Chiang Rai is much overlooked compared to popular Chiang Mai with all its temples. If you’re traveling around Thailand, a day trip to Chiang Rai from Chiang Mai should definitely be on your itinerary. If only because of the beautiful White Temple of Chiang Rai, or by its official name: the Wat Rong Khun.
An artist project
The White Temple in Chiang Rai is different from other temples in the area or even Thailand, as it is privately built and owned. Its local name is Wat Rong Khun, but from the photos you can see why it is better known as the White Temple.
This extravagant white building was in bad shape when it was bought by its private owner, Chalermchai Kositpipat, a local artist. He dedicated his life to rebuilding and restoring his tribute to Buddhism. That cost him millions of baht and many years. The temple is still not really finished.
Wat Rong Khun
The result of the rebuilding and restoration is astonishingly beautiful. The temple is all white and when the white walls catch the sunlight, it’s like the temple is radiating. The white temple symbolizes the Buddhist way to heaven, or rather enlightenment. From the pure white color to the mirrors that represent reflection, every detail has a symbolic meaning.
The most beautiful – or most ominous, really – is perhaps the bridge to the central temple itself. The bridge leads over a sea of grasping hands, which in turn symbolize earthly desires. The hands are a bit scary, but it is a grand entrance to the temple.
Wat Rong Khun is a bit less spectacular on the inside than you would expect. Or maybe it is? The interior walls have been decorated with murals. Often with a very modern touch, such as with cartoon characters and cartoon heroes.
But it’s not just the White Temple itself that dazzles. There is more to see in the temple grounds, such as a toilet block designed like a golden temple. I especially liked the ‘tree’ with wishing leaves. You can buy a metal leaf for a minimal contribution, after which you write down your wish on it. Wishing leaves are hanged in the tree, but also in other places on the temple grounds. There is even a gallery with a ceiling consisting only of the metal leaves.
Also visit the Black Temple and Blue Temple
Close to Chiang Rai is also a counterpart of the white temple: the Black Temple, also called Black House or Baan Dam. It’s a work of art by the Thai artist Thawan Duchanee as well. The black temple is beautiful to see, but also somewhat ominous. The temple area is a green oasis, but the Black House and other structures have some strange and sinister details if you look closely.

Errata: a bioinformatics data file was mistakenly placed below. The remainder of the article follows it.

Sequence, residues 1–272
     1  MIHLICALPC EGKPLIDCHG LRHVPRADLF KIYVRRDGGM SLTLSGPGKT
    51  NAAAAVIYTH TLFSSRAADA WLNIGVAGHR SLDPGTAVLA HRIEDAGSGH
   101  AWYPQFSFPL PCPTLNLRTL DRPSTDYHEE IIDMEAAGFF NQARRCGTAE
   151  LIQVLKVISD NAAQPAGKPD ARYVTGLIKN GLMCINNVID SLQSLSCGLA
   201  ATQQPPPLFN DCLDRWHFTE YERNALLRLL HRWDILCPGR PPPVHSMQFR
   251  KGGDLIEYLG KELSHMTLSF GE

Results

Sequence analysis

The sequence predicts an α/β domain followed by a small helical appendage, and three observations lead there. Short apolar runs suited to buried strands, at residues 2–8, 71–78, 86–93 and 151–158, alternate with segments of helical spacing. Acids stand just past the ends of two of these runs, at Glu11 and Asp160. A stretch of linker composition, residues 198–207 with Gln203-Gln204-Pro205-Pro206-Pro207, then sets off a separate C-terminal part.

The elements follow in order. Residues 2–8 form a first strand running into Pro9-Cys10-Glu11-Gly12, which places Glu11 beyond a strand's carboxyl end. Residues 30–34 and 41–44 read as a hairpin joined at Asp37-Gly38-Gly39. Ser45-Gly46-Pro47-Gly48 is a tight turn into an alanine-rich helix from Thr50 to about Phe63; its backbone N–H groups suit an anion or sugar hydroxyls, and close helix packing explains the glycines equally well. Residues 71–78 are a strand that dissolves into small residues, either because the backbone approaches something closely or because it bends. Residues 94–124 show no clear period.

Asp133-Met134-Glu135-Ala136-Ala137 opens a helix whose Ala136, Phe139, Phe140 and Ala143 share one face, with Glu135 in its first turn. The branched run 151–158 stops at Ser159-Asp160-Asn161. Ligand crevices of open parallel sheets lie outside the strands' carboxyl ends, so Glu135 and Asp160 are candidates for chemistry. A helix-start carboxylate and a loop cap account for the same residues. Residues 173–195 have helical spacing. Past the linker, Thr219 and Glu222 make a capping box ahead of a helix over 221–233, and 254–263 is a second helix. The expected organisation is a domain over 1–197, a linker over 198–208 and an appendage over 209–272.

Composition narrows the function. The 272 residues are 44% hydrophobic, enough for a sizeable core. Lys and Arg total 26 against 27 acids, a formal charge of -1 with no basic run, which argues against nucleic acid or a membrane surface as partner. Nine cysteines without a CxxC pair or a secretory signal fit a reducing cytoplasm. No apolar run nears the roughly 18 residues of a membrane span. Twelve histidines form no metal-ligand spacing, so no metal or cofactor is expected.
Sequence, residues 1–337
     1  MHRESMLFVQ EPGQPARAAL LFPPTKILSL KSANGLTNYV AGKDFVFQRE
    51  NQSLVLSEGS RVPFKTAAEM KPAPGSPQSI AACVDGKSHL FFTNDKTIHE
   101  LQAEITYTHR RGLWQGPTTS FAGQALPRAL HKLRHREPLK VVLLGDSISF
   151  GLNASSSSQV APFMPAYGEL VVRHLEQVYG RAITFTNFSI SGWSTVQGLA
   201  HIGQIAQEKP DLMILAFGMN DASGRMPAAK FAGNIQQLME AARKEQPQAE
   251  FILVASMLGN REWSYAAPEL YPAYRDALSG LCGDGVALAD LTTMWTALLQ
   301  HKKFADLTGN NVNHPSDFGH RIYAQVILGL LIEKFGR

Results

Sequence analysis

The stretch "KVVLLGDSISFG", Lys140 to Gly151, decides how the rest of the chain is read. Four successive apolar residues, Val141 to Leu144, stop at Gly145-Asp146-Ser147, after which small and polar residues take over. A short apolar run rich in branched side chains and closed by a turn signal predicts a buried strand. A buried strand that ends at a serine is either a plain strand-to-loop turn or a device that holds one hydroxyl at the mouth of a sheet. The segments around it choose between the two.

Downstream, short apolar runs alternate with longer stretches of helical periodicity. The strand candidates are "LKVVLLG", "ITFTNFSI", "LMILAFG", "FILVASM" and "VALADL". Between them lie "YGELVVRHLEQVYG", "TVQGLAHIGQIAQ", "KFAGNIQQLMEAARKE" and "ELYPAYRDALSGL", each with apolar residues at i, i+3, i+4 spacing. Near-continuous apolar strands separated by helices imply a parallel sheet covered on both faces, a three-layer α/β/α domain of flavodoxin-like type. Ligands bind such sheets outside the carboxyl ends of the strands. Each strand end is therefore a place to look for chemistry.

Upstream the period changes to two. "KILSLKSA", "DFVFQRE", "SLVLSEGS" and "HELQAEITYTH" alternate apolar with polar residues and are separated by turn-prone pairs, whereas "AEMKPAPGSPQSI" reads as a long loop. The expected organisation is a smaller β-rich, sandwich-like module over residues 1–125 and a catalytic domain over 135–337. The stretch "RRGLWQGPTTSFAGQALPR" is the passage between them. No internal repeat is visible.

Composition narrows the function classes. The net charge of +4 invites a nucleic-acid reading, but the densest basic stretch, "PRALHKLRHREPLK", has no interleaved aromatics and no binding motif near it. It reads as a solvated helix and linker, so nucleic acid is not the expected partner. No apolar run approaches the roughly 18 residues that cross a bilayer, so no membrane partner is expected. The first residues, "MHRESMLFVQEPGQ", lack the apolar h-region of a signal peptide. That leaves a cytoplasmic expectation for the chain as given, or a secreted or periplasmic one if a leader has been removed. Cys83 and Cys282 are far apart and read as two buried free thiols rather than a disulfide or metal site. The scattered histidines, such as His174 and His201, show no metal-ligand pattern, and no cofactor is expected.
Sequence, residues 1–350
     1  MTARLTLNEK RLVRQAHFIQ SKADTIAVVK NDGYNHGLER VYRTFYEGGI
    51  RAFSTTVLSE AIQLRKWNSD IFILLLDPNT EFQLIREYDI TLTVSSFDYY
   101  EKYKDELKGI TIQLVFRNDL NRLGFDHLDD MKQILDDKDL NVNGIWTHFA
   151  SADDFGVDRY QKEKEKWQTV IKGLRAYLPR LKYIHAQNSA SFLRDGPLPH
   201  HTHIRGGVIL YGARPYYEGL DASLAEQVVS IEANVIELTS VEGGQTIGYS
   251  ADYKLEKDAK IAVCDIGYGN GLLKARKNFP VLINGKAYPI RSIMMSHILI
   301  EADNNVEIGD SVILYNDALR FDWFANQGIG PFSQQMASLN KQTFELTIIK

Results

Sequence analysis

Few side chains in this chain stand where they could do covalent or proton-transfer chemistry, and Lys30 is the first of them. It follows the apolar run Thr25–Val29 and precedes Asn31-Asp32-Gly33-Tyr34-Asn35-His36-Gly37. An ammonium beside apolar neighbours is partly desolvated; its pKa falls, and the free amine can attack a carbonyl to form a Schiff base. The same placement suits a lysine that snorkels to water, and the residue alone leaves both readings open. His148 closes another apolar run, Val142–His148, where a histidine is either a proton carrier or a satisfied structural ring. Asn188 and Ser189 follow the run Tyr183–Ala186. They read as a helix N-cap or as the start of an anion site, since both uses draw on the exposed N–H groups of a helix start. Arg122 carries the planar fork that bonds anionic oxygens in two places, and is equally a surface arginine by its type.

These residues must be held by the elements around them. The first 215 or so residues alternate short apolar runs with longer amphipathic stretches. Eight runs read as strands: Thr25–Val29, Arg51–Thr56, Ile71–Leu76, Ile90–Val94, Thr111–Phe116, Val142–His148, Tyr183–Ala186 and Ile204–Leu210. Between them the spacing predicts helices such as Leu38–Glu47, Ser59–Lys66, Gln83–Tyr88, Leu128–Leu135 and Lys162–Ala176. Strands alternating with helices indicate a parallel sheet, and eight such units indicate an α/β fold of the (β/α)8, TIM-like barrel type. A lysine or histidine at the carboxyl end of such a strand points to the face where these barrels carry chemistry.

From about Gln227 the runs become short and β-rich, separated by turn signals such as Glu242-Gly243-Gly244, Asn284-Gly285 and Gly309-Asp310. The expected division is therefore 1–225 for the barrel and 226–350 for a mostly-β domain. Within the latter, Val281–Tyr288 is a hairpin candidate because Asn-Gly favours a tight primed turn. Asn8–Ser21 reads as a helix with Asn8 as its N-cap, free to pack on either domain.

You can easily visit the Black Temple by public transport. The buses leave from the bus station. There is an entrance fee.
Oh, and do you want to visit another temple in this series? Then add the Blue Temple – or Wat Rong Suea Ten – to your list. It’s not difficult to guess the color of this temple from its name. On the outside the temple design is gold with blue, but the inside is nothing but blue. This temple is an artist project and a mix of modern art with traditional temples as well.
The blue temple is not that easy to visit by public transport. Arrange a tuk tuk, tour, taxi or Uber. Admission is free.
Practical tips for Chiang Rai’s White Temple
The White Temple is located just outside of Chiang Rai. You can get there with a guided tour, but also easily by yourself with the public bus. Several local buses go that way from the central bus station. That is of course much cheaper, but also more adventurous.
For years, the entrance to the white temple was free, but foreign visitors now pay an entrance fee.
Wat Rong Khun may be privately owned, but you are expected to dress as you would in all Thai temples. So wear appropriate clothing: knees and shoulders must be covered.